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Art Teacher or Artist: Finding Mr./Ms. Right

February 3, 2010

For five years, the early childhood program at ACS has been more and more inspired by Reggio Emilia.  Beginning by changing the environment, arguably the least imposing aspect of the approach, teachers began to see differences in the children and in their own professional growth.  A hunger to learn more was born, and many teachers are constantly reading and exploring to find more information about the approach and Reggio classrooms around the world.

We are now exploring the idea of bringing an atelierista into our community.  Although the kindergarten classes spend time (about twice a week) with a traditional art teacher, we are yearning for something different.  We aren’t sure how to schedule, or even how the teacher and atelierista will work together, but we’re craving an artist’s perspective on children and their work, and how we can support children’s learning through meaningful expression.

In Lebanon, it’s rare to find teachers who are familiar with the Reggio philosophy.  Hypothetically, if we bring in someone with no previous knowledge of Reggio Emilia, will we foster a more meaningful experience by hiring a traditional art teacher and providing experiences for him/her to learn about our philosophy, or by hiring an artist with little, if any, knowledge of education?

This is the question we are considering.  What do you think: hire an artist or hire an art teacher for the role of atelierista?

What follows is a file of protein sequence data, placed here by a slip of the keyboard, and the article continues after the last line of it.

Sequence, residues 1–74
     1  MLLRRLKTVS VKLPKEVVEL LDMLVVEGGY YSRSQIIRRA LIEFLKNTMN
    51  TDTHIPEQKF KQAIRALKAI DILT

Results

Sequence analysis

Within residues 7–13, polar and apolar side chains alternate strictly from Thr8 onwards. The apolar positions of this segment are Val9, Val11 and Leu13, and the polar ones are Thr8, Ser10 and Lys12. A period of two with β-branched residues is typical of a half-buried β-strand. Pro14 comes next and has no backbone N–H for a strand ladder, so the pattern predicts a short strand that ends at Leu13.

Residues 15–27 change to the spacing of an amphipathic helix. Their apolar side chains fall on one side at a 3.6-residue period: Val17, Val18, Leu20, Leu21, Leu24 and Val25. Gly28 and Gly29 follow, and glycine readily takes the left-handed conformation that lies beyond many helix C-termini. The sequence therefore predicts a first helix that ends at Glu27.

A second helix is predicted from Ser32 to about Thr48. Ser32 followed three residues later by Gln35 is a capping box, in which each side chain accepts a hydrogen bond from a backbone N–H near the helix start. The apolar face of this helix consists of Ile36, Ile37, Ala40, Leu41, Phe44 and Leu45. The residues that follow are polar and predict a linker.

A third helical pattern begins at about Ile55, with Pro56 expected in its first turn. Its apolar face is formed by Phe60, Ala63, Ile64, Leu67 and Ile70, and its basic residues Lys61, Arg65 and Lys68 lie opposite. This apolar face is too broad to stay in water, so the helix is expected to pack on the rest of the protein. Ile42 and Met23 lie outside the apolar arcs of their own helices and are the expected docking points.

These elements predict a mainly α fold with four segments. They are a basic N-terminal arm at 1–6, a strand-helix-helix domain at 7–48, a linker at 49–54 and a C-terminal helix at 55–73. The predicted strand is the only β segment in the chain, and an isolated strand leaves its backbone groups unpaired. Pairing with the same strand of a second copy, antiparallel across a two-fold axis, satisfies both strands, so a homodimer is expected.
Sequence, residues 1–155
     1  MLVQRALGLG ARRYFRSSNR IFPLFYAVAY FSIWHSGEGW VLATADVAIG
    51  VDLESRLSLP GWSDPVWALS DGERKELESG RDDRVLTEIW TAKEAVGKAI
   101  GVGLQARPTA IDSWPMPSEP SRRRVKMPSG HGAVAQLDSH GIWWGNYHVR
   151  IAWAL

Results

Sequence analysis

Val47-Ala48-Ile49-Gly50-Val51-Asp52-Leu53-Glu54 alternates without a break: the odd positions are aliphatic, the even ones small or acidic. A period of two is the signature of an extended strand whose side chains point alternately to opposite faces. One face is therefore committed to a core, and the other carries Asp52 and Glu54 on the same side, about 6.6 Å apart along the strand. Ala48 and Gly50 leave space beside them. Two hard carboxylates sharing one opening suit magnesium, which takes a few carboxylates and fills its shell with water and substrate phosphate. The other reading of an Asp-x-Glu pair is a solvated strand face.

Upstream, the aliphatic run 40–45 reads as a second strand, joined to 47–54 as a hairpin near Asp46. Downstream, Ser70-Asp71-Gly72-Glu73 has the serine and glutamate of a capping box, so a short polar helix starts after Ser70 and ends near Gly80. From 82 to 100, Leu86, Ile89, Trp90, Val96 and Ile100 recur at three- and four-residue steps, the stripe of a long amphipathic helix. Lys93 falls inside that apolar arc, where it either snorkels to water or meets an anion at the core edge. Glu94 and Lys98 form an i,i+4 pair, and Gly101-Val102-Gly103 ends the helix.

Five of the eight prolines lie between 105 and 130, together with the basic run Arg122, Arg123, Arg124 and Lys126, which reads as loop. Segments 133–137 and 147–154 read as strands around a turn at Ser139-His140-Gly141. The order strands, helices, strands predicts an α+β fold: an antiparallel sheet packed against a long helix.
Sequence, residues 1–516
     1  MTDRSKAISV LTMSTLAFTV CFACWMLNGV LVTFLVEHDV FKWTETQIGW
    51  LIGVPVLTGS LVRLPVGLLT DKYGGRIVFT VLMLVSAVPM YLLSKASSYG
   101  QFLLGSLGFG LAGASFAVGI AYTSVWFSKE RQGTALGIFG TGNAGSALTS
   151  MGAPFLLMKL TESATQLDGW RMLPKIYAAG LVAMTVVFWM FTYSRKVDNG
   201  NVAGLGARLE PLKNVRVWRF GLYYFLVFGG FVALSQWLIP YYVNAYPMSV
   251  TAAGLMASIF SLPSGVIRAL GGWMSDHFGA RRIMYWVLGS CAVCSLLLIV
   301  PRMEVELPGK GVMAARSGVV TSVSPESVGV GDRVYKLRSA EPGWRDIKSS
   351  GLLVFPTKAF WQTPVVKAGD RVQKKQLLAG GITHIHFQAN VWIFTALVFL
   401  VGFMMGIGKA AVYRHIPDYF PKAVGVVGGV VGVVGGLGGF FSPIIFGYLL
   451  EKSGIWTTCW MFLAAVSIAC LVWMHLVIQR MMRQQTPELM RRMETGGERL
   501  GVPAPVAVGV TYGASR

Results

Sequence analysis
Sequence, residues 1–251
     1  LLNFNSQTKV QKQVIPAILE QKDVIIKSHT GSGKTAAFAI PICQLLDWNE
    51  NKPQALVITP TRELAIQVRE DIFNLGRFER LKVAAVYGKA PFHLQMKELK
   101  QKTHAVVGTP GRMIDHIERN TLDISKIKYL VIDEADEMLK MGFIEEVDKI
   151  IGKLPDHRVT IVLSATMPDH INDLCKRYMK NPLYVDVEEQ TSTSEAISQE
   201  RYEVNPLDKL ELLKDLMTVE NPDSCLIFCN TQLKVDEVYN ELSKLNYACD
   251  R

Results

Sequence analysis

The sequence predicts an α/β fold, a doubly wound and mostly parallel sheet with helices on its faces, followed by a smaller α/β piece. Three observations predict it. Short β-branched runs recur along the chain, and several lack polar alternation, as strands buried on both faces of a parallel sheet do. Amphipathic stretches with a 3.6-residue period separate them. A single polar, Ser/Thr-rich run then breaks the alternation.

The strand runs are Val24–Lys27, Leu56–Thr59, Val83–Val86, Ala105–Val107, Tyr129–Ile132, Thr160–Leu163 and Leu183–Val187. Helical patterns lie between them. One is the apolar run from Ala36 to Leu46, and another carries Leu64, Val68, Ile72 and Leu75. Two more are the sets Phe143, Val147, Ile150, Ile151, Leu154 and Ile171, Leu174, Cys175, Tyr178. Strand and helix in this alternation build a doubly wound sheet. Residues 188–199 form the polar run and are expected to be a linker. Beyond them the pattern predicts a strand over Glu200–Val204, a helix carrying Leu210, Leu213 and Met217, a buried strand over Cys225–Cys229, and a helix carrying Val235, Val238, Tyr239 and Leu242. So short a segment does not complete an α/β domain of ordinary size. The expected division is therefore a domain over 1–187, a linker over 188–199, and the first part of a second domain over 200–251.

2 Comments leave one →
  1. February 4, 2010 8:46 am

    Ah – now this is a tricky situation. I have tried both. Hiring and artist is GREAT – they have a totally different way of seeing and they offer fabulous experiences with the children (and teachers). But. They can also really struggle with what their role is and how to let it unfold.

    Hiring a teacher, though, who can do art? Bigger issues – because they now need to completely reposition their self image and how they understanding working with children.

    I would hire an artist – and preferably one with children themselves, or with some limited experience teaching.

    And then prepare for a lot of training time…

  2. February 5, 2010 7:45 am

    There plenty of “boths” out there. My belief is that you must be practicing artist to teach art. It is how you understand not only the aesthetics and materials, but the risks you ask children to take. On the other hand you also must see yourself as a progressive educator and advocate for early childhood and a collaborator. You will find just the right person, start asking around, someone always seems to know someone.
    Good luck!

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